It was in the 1990s, while hosting the travel show Namaste India that filmmaker Anu Malhotra found herself exploring little villages and hamlets tucked away in the Himalayas. It was on such trips that she came across shamanic practices in the Kullu valley. "Shamans are prevalent in villages across India. They are considered conduits to the devtas or the presiding deities of the village. They are the voices of god," says Malhotra, who has won over 16 national and international awards for films such as The Apatani of Arunachal Pradesh and The Maharaja of Jodhpur. After nearly a decade of research, Malhotra decided to document the shamanic practices of Kullu in the film Shamans of the Himalayas. It is for the first time that the practices of the gur, as the shamans are called in Kullu, has been documented. "This is partly because people are not aware of the local culture, which has been prevalent in the region for thousands of years. It is astonishing that bus loads of tourists visit Kullu every year and they don't bother to explore the traditions and practices that exist right under their noses," rues Malhotra. Another reason is access. The villages safeguard these traditions from prying eyes. "I made several friends during my years of travel to the valley. Moreover I spent a lot of time eating, conversing, staying with the shamans. That really made a difference," she says. But the final nod came from the divine. The gurs invoked the devtas to get their assent for the film shoot. "It was a very unique procedure. They filled three matkas with water and made three cow dung balls. One ball was stuffed with flour, the other with rice and the last one was empty.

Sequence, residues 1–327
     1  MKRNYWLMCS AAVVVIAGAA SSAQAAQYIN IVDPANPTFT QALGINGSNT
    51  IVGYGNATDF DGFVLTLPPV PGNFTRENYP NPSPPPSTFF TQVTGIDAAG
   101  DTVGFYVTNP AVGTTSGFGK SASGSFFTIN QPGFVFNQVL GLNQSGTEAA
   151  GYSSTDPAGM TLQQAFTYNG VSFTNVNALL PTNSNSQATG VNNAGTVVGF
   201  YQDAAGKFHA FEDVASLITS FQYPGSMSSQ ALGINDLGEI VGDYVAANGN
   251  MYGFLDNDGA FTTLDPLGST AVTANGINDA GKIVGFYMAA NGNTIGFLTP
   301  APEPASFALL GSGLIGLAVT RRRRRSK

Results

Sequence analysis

Whichever surfaced first indicated the deities' decision," explains Malhotra. The devtas acquiesced and the shooting began. "Maybe they recognised the sincerity in my efforts," she says. The film is an intimate personal experience of Malhotra with the gurs as she gets a peek into the divination sessions and hears their personal stories and struggles. She bore witness to the significant role that the gurs play in Himachali society. "Thousand of people across the hills communicate with the deity for pretty much everything - crops, personal issues, marriages et cetera. So gurs act not just as the medium to god but also as doctors, counselors and psychotherapists," she says. Through Shamans of the HImalayas, Malhotra also wants to dispel the notion that the practices of the gurs is hocus pocus or mere superstition. According to her, shamanism is a global phenomenon and even predates Hinduism. In her bid to explore the scientific aspect of the practice she approached Sudhir Kakar, well known psychoanalyst and author of the book Shamans, Mystics and Doctors. He has written extensively about the healing practices of the shamans and the underlying philosophy. "At one point in the film, he also says that shamans have had a better success rate at treating people than psychotherapists," says Malhotra. The highlight of the film is the personal encounter that Malhotra had with Tej Singh, the gur of the snake god. While visiting the home of a Scottish Indophile, Chris Oldmeadow, to participate in a family divination session, Tej Singh, a gur, suddenly turned to her and started talking about a major health problem that had been afflicting her for years. "I was really taken aback as I have never spoken about this problem to anyone. Through Singh, the devta communicated how long I had the problem and how to cure it," she says. Also interesting is Malhotra's rendezvous with Tuli Devi, the lone female shaman of the Kullu valley. "All I want to say at the moment is that she is a new-age shaman. For the rest, you will have to watch the film," she smiles.
(The Shamans of the Himalayas will be telecast in four episodes of one-hour each on Discovery Channel, 11 pm every Friday, beginning July 13, 2013)